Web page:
When one considers that roughly 10 percent of major and minor league players are born in the Dominican Republic, the film takes on a whole new life. The players that now sport designer suits and big salaries worked hard to get where they are, often sacrificing parts of themselves and relationships to do so.

Sugar will open eyes, cause them to quiver, and then shut them as viewers think about another small aspect of this game we all love.

Trading baseball’s second best closer should not be on anyone’s “to-do” list.

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Joe Nathan struggled down the stretch.The high-profile implosion of the Minnesota Twin’s Joe Nathan have many calling for a changing of the guard in one of Major League Baseball’s premier bullpens.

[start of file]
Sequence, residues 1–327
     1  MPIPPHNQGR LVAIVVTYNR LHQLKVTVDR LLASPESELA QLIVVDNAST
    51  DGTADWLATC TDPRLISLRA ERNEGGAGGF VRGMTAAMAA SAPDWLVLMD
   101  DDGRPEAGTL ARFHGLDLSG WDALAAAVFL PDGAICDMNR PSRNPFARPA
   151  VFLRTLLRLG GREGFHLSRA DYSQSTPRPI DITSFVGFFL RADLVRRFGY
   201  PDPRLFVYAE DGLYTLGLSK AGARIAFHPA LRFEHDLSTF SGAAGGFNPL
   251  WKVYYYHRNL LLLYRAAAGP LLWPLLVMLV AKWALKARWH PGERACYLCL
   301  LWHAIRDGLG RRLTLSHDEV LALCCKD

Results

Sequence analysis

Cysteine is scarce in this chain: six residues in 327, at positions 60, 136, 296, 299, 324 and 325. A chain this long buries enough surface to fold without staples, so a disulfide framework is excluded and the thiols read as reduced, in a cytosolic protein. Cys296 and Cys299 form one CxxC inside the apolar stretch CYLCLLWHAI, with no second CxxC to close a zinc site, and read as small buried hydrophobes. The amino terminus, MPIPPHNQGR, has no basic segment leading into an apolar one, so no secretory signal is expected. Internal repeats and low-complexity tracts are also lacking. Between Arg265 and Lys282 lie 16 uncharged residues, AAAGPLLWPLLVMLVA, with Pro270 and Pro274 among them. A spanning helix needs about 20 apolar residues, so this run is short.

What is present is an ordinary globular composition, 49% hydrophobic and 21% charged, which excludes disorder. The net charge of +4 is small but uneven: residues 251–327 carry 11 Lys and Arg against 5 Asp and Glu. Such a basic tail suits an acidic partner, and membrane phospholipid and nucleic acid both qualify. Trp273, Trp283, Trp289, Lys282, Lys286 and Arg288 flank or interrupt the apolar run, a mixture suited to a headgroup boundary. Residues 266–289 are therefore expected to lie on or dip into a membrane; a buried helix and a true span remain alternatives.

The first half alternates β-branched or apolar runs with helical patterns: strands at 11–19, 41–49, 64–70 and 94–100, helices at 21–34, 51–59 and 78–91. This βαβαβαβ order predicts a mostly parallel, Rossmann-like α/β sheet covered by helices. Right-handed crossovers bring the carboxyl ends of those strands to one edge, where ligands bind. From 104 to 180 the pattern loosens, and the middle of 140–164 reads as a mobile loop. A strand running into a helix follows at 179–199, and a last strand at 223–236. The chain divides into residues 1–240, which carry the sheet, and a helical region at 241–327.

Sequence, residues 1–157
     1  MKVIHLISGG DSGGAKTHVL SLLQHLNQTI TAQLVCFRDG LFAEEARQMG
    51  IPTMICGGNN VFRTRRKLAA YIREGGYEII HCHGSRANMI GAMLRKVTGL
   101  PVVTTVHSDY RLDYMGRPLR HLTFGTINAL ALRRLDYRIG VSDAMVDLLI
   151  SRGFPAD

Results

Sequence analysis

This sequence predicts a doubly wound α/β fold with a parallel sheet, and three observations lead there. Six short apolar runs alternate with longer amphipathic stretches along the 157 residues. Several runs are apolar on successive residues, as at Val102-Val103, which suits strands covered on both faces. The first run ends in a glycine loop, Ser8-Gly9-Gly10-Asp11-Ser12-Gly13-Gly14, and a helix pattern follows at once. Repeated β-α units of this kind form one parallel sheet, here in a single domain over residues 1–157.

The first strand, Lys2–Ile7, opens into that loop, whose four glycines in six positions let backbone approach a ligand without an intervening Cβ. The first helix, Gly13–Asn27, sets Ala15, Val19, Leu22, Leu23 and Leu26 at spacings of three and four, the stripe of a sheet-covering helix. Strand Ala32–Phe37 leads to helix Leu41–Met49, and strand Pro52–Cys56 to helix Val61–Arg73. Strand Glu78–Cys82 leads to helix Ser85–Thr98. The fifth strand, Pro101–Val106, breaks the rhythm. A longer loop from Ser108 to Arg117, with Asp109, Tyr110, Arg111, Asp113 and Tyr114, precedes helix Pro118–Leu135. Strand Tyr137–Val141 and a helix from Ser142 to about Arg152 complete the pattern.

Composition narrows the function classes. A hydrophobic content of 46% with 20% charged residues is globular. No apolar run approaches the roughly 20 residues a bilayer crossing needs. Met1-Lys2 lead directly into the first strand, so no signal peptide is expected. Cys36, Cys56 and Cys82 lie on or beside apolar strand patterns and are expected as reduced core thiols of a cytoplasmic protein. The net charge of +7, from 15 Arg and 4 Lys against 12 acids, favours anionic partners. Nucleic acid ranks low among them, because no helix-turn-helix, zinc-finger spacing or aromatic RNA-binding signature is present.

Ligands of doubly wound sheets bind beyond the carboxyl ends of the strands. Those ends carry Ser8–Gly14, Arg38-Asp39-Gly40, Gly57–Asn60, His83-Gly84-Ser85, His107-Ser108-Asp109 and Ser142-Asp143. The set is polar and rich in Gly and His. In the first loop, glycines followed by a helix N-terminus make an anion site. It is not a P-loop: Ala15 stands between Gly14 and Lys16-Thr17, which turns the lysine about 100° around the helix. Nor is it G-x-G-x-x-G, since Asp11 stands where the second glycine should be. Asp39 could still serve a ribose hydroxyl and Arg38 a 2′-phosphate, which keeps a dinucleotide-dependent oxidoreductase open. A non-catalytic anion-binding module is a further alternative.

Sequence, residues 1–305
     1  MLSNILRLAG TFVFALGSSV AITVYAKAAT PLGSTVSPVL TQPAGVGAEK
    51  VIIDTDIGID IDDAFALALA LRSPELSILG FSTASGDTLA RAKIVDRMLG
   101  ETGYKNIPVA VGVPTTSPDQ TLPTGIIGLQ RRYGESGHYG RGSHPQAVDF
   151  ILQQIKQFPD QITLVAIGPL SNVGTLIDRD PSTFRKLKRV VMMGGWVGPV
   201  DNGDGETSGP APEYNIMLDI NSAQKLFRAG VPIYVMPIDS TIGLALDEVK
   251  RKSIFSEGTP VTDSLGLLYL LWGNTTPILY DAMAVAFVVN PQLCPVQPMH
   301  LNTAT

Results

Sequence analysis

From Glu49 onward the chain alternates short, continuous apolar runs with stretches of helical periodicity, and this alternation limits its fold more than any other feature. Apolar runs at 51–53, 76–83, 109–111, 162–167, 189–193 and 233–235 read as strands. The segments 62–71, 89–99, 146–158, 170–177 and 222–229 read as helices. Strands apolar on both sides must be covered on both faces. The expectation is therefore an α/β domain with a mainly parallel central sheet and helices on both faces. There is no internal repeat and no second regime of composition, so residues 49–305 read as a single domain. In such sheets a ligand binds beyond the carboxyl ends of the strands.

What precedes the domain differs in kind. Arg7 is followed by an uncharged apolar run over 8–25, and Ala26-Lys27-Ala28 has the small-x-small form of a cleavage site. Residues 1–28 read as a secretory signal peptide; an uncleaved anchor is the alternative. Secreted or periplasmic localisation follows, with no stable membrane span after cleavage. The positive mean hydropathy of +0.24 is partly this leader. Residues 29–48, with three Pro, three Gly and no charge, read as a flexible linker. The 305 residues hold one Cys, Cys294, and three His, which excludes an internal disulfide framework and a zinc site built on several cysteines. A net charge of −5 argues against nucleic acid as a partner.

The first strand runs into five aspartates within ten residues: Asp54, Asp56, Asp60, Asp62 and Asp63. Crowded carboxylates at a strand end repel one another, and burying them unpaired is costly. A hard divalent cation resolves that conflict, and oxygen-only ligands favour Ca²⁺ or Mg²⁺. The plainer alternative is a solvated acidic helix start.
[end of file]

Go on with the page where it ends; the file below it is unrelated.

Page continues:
I, however, don’t plan on anything drastic happening during the Twin’s offseason.

Over the course of the last six seasons as Twin’s closer, Nathan has compiled 246 saves without posting an earned run average above 2.70. He’s failed to lock down just 24 saves over that same time frame for a success rate somewhere right around 90 percent. I’m hesitant to say “lights out” when describing a closer other than the Yankee’s Mariano Rivera, but Nathan’s as close to that standard as possible.

Some cite Nathan’s advanced age (35) as why the remainder of his hefty two-year, $22.5 million contract should be moved this offseason. Others believe, despite contradictory statistical evidence, that his stuff is waning and that he may be headed towards his twilight years.

In 2009, Nathan posted the highest K/9 of his last three seasons. His WHIP hovered at its career norm and so did his innings pitched. He appeared in a few more games than normal, but other than that, the only anomaly in his otherwise spectacular year is his HR/9. Nathan gave up seven homeruns in 2009, the most since his insertion into the Twin’s closer role.